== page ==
Translated by Guillaume Durocher
Translator’s Note: The following is an extract from Pierre Hadot’s excellent Qu’est-ce que la philosophie antique? (Paris: Gallimard, 1995, available in English as What is Ancient Philosophy?, pp. 381-84, under the heading “Philosophy as Servant of Theology.” The title is editorial.
Writing his Disputationes Metaphysicae in the last years of the sixteenth century, a work which would exert a considerable influence on many philosophers from the seventeenth to the nineteenth centuries, the scholastic author Francisco Suárez affirms:
In this work, I take on the role of a philosopher, while being well aware that our philosophy must be a Christian philosophy, the servant of the divine theology.
For Suárez, a “Christian” philosophy is one which does not contradict Christianity’s dogmas and which is Christian insofar as it can be used for the elucidation of theological problems. This does not mean that this philosophy is specifically Christian in the doctrines that it professes. On the contrary, it is essentially an Aristotelian philosophy as it was absorbed by and adapted to Christianity in thirteenth-century scholasticism.
This representation of philosophy, as the servant and even the slave of a theology or of a higher wisdom, in fact had a long history. From the beginning of our era [i.e., the birth of Christ], one finds it with [the Jewish writer] Philo of Alexandria, who had proposed a general scheme for training and spiritual progress. The first stage was, following the program of Plato’s Republic, the study of the sciences, such as geometry, music, but also grammar and rhetoric. Commenting on the book of Genesis, Philo identifies these sciences with Hagar, the Egyptian slave which Abraham had to unite with before acceding to union with Sarah, his wife, which is philosophy. But philosophy must, in turn, be considered the slave of wisdom; wisdom, or true philosophy, being for Philo the Word of God revealed by Moses. The Church Fathers, such as Clement of Alexandria and especially Origen, would take up with this relation of proportion established by Philo between scientific education and Greek philosophy on the one hand, and Greek philosophy and Mosaic philosophy on the other, obviously replacing the philosophy of Moses with that of Christ.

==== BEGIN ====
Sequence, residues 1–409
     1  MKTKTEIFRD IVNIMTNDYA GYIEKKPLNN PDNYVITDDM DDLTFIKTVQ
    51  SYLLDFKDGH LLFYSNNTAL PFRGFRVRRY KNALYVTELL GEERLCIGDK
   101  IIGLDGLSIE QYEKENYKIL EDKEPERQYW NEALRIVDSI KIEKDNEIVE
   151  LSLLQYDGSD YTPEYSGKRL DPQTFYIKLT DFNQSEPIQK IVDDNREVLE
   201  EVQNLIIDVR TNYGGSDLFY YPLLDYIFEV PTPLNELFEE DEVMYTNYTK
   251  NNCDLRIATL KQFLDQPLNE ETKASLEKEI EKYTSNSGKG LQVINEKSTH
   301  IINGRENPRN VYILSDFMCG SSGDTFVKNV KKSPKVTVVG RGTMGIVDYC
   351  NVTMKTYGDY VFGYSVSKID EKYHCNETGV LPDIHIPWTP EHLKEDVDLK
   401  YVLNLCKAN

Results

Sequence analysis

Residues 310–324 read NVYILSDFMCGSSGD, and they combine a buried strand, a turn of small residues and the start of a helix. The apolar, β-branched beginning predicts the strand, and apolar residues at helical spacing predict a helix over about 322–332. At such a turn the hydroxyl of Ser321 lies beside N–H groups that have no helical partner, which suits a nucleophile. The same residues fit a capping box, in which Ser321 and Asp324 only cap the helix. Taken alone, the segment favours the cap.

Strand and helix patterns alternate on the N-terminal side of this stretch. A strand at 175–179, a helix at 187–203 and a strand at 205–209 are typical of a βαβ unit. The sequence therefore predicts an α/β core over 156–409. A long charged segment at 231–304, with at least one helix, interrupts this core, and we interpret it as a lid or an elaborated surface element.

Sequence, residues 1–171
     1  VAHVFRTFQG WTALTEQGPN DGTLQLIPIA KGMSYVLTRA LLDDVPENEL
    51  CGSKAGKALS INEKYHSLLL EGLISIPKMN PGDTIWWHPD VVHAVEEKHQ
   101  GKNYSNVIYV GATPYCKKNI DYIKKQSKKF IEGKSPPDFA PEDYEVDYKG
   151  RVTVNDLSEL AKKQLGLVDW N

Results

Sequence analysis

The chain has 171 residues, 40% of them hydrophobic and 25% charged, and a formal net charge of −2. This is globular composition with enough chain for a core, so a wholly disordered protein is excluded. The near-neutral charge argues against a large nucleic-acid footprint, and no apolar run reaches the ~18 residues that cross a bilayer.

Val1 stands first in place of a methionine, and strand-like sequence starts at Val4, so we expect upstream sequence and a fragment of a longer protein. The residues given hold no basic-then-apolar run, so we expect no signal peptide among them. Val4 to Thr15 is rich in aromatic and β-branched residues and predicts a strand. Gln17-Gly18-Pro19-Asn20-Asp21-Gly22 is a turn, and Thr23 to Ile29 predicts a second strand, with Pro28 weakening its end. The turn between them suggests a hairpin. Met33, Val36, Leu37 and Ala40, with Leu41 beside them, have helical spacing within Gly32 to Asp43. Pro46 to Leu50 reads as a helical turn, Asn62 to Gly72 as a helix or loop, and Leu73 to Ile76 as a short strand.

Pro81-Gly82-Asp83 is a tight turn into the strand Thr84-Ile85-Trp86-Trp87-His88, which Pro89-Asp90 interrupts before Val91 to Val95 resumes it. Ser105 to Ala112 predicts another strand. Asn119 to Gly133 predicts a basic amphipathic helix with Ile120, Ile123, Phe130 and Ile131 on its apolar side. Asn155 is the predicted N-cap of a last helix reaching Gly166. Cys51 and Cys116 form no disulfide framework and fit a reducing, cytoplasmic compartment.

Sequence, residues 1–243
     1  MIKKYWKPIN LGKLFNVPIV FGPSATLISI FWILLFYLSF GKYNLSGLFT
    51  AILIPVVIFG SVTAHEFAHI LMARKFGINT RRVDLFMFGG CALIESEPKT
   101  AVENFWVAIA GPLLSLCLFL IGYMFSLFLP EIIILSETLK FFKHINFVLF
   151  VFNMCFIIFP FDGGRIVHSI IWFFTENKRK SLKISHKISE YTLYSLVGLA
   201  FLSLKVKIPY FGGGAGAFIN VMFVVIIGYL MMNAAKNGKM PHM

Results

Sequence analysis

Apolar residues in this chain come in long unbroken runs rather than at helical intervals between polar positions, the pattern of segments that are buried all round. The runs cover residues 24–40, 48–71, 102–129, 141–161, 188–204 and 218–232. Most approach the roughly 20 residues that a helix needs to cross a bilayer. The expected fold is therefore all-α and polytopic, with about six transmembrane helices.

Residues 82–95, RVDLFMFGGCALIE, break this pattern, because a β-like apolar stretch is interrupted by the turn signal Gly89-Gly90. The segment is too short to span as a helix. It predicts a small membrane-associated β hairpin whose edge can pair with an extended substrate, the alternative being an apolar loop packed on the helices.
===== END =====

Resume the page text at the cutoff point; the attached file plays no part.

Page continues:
But one must clearly understand that the Greek philosophy in question here is Greek philosophy reduced to philosophical discourse. Christianity had presented itself, as we have seen, as a philosophy, that is to say as a way of life, as the only valid way of life. But in the face of this Christian way of life, sometimes colored by nuances borrowed from profane [i.e., Greco-Roman] philosophy, remained the philosophical discourses of the various schools, or more accurately, the philosophical discourse of Neoplatonism, given that from the third century A.D. Neoplatonism was, as a synthesis of Aristotelianism and Platonism, the only remaining philosophical school. It is this Neoplatonic philosophical discourse which the Church Fathers, following Clement of Alexandria and Origen, would use to develop their theology. From this point of view, philosophy would be, from Christian Antiquity onward, the servant of theology, a servant which would bring its know-how, but which would also adapt to the demands of its new master. There would also be a contamination. In the Trinity, the Father would soon have the traits of the first Neoplatonic God, the Son would be imagined on the model of the second God of Numenius or the Plotinian Intellect. But the development of theological controversies would lead to a representation of a consubstantial Trinity. Aristotelian logic and ontology, which Neoplatonism had assimilated, would provide the indispensable concepts to formulate the dogmas of the Trinity and the Incarnation, enabling the distinction between nature, essence, substance, and hypostasis. In return, under the effect of the refinements of theological discussions, Aristotelian ontology would become more refined and precise.
According to Philo and Origen, the liberal arts were a preparation for Greek philosophy, and Greek philosophy was a preparation for revealed philosophy.
1. Francisco Suárez, Disputationes Metaphysicae, in Opera omnia (Vivès, 1861), volume 25, Ratio et discursus totius operis.
2. Philo of Alexandria, De Congressu, §11.
3. Ibid., §79-80.
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